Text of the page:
You Reduce and Reuse. We'll Recycle for You.

You Toss it In. We'll Sort it Out.

We remain committed to making recycling and disposal easy for all our residents in western Placer County. Even though you have one waste bin, you are still recycling and composting. In Placer County, all of the residential trash, recyclables, and food waste can be placed in your one waste bin together!

Don’t worry; the Materials Recovery Facility will help sort out the recyclables and ensure that everything that can be recycled has the opportunity to reach its highest potential. 

Staff sorting trash at a the MRF facility.

What Goes in Your Garbage Bin?

Toss trash, recycling, and food waste into your garbage bin.

We often call it the “One Big Bin” because you can toss all of your regular trash (including commonly recycled items) into your garbage bin and not have to worry about whether something is or isn’t recyclable. The only things you must keep out of your One Big Bin are Household Hazardous Waste items because they could cause damage to our environment or our facilities.

We believe in sustainably managing recycling and disposal for our residents because we want to keep Placer beautiful for generations to come.

What DOESN’T go in the bins?

A few things don’t go in your garbage or green waste bins. For this list of items to keep out of these bins, visit our KEEP IT OUT PAGE.

For what can go in your bin, see below.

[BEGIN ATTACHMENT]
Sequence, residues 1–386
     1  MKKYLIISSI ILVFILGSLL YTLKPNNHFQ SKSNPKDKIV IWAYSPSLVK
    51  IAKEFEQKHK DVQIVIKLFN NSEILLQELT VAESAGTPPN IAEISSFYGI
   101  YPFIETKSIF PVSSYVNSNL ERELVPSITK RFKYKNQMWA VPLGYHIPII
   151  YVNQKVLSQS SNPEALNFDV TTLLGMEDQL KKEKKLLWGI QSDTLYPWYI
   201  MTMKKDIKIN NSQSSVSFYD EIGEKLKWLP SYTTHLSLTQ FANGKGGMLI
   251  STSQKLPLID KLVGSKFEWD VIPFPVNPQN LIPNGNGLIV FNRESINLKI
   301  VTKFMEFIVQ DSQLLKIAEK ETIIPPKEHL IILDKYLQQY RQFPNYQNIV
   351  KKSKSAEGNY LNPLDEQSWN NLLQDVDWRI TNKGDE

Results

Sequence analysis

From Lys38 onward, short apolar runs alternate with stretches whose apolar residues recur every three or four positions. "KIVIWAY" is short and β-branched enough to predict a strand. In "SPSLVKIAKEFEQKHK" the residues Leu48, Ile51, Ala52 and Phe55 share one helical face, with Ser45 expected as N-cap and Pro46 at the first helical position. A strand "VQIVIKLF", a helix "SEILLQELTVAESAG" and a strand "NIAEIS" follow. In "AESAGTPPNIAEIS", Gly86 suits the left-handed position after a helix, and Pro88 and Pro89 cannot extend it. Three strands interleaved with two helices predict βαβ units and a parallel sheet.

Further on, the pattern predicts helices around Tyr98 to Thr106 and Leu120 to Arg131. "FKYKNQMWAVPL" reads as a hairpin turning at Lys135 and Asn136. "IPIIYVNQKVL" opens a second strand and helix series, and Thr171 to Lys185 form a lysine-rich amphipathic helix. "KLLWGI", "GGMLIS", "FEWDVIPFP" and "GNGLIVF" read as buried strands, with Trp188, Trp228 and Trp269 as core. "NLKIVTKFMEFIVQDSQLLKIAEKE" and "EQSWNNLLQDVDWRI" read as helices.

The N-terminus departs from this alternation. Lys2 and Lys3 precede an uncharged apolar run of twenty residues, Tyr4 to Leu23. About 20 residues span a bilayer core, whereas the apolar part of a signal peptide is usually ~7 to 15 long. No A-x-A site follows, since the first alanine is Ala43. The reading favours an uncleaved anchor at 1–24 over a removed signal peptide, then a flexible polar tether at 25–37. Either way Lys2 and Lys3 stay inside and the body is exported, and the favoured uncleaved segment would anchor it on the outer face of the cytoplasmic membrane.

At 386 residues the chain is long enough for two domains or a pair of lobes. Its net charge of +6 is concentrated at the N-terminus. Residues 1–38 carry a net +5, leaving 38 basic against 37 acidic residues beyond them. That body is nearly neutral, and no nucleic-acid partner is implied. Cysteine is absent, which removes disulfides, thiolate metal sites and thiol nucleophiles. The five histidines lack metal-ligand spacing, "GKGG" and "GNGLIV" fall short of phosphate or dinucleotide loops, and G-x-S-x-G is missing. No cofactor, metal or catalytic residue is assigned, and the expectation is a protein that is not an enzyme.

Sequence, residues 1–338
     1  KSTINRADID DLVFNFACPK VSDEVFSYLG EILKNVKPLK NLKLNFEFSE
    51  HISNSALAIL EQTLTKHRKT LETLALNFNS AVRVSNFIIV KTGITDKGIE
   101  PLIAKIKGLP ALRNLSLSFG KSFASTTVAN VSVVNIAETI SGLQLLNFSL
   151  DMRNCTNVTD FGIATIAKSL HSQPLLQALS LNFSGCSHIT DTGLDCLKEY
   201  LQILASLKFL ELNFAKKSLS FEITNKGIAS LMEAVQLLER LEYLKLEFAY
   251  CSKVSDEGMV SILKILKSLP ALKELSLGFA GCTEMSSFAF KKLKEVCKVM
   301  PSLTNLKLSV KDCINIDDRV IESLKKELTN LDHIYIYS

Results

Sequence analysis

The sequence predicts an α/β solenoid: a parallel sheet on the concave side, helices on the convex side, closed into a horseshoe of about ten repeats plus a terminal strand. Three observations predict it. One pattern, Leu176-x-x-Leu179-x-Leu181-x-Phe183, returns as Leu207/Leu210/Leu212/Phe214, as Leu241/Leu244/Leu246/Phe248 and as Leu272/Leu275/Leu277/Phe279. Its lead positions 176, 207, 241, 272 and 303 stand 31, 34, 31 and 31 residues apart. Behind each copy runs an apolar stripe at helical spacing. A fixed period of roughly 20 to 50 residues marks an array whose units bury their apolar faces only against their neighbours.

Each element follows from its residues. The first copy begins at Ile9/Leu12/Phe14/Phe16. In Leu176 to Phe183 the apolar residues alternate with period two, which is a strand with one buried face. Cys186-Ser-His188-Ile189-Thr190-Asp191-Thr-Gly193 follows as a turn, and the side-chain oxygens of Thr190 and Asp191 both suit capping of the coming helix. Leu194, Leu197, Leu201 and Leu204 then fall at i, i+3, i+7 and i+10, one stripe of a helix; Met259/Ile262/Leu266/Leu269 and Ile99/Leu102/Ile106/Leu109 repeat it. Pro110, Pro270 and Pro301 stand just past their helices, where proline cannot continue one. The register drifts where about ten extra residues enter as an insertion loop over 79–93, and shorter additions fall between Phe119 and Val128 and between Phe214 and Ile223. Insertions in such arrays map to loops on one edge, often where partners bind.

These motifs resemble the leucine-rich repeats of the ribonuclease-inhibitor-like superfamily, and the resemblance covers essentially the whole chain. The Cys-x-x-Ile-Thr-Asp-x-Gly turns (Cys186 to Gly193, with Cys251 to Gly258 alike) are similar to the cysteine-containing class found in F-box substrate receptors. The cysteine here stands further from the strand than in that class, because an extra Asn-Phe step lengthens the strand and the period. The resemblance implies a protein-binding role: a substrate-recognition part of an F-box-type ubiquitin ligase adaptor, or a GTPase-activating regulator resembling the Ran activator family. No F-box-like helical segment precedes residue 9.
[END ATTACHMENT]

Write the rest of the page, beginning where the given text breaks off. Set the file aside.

It takes 10 recycled water bottles to make enough plastic fiber to make a new t-shirt.

It takes 14 recycled water bottles to create enough fiberfill insulation for a ski jacket.

It takes 114 recycled water bottles to make enough fiberfill insulation for a sleeping bag.

Whether it is a plastic beverage bottle, a broken storage container, or that never-ending plastic packaging you had to cut through to get to the tiny little product in the middle – toss it in your bin and we will make sure it gets recycled.

Glass is 100% recyclable and can be recycled endlessly without a loss of quality or purity.
In 2017, 39.1% of beer and soft drink bottles were recovered for recycling, according to the US EPA.

Over 1 ton of natural resources are saved for every ton of glass recycled.
So go ahead and toss in all of your glass bottles.

90% of products are shipped in cardboard containers.

On average, a typical household will throw away up to 13,000 pieces of cardboard a year.
In the US, 850 million tons of paper and cardboard — the equivalent of 1 billion trees — are thrown away each year.

The good news is that recycling old cardboard into new cardboard takes only 75% of the energy needed to manufacture new cardboard. You are helping save trees when you toss in your cardboard.

Recycling one aluminum can save enough energy to listen to a full album on your phone.

Recycling one aluminum can saves enough energy to run a computer for three hours.

Aluminum is the most valuable recyclable material; however, the US throws away nearly $1 billion worth of aluminum cans each year. Not in Placer County – throwing your aluminum cans in your One Big Bin means you are making sure they get recycled. So please go ahead and toss them in.